SftPwr, ''Loving Rebecca Chamberlain'' - Muanfun Kunawong

NEW YORK, NY 10002
IMAGE: Rebecca Chamberlain, Homatorium I, 2013, installation view. Photo: Carly Gaebe HI-RES
On View: February 23 — March 30, 2013
Reception: February 23, 2013   6-8pm
DODGEgallery is pleased to present Homatorium I, an exhibition of new work by Rebecca Chamberlain. This is the artist’s second solo exhibition with the gallery.

Stemming from a long-standing captivation with the early modernist era, specifically the period between the two world wars, Chamberlain’s moody paintings of vacant interiors read like love songs for a lost world. Each room is a stage for a perfectly lived life forever trapped in amber. Her monochromatic compositions, painted in lithography ink, provide a window through which to look as one might into the villas of Pompeii. There was life here! Look how they lived! Much like the architects of the period, Chamberlain choreographs these spaces within and between compositions. She fetishizes their detail while abstracting their geometry. Painting reflective and textured surfaces with rich ink washes over the glean of vintage architecture paper, her paintings themselves allure and reinforce a sense of longing.

For Homatorium I, Chamberlain creates an environment in the inner gallery resembling the feeling of Frank Lloyd Wright’s Zimmerman House; marking a shift for Chamberlain, as she focuses for the first time on a singular site. Through a residency at the Currier Museum of Art in 2012, she witnessed the influence of modernist sanatoriums in Wrights’ interior and exterior design. Chamberlain experienced the house as, “a sanitized version of reality,” a combination of both home and sanatorium.

Often working from vintage photographs of the period, Chamberlain heightens her presence in Homatorium I by combining the photos of Yukio Futagawa and the Zimmermans’ with her own, captured on her visit to the Zimmerman House. Creating multi-panel pieces of different images of the same spaces, she offers a collective, and therefore unfixed perspective and memory of the site. Chamberlain further fragments views by splicing and editing the original source material. Unlike her previous bodies of work, the images chosen all depict windows and views looking from the interior; Chamberlain positions the viewer inside the Zimmerman house but directs the gaze outward.

Regimenting the height of each piece in the inner gallery to 27 inches and composing all the paintings in a deep red harkening the warm brick and wood of the Zimmerman house, Chamberlain fabricates a complete environment for her viewer. Using hand-crafted frames, some that mirror actual windows in the Zimmerman house (fabricated by Peter Chamberlain) and others that reference the aluminum of modernist sanatoriums, Chamberlain frames an already framed view, heightening a sense of displacement. The panels appear cinematic lining the walls of the gallery each scene abutting the next, presenting the viewer with an edited and fragmented perspective. Chamberlain’s photo-realistic style seemingly offers comfort in the “known”; however, when subsumed by the environment in the inner gallery an unfixed sensation arises as one can only look out, not in.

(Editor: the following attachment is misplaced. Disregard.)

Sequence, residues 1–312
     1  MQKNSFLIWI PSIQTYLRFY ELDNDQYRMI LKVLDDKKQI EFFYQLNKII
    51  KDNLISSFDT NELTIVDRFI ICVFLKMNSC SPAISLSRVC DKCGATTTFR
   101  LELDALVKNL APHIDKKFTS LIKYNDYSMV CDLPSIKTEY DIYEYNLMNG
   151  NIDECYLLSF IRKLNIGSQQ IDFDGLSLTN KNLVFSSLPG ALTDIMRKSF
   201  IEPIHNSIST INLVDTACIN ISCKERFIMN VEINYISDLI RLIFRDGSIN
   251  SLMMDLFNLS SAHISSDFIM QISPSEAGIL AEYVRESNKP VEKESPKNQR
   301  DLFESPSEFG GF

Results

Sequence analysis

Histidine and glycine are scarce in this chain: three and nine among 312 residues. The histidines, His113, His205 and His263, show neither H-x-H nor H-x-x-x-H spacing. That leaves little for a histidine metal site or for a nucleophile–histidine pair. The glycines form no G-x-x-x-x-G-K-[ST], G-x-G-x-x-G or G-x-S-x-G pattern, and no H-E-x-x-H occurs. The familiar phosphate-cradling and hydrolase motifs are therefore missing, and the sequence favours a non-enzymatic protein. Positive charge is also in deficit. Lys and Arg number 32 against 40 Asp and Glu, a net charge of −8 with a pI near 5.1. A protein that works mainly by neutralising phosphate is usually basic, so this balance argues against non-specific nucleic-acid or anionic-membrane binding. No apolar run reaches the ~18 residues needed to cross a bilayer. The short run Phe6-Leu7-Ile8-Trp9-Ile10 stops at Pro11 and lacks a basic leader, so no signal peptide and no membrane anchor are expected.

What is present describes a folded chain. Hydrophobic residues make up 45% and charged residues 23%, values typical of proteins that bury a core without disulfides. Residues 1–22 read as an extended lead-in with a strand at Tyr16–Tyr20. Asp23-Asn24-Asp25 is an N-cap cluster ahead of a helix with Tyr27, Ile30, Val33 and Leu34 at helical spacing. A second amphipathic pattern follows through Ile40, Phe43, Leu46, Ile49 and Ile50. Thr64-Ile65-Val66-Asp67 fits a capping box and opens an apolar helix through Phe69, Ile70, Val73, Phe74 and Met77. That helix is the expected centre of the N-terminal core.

Squared Views Arrangement Screen, Zimmerman House, Wright, 1950 places the viewer as if on a couch in the living room gazing out the window to the garden. Wright designed this garden and framed these views; however, despite his attempts to construct a complete environment, nature is not fixed. Chamberlain reflects this sensation, in her more textured, broad and frenetic brushstrokes focusing on a feeling of chaos that vibrates against the clean, crisp architecture. The hermetic perfection of a protected interior is unsealed.

Kenn Richards has created an original musical score to accompany Rebecca Chamberlain’s painted environments. Constructed from a mixture of field records and period appropriate recordings from sheet music found in the Zimmerman House, Richards has compiled these sub mixes in a postproduction 3D field to give an immersive sound suggestive of Chamberlain’s depicted spaces. Installed discretely and set to a low volume, the music quietly resonates throughout the gallery. As viewers move between compositions the sound also acts fluid, feeling at once distant and present.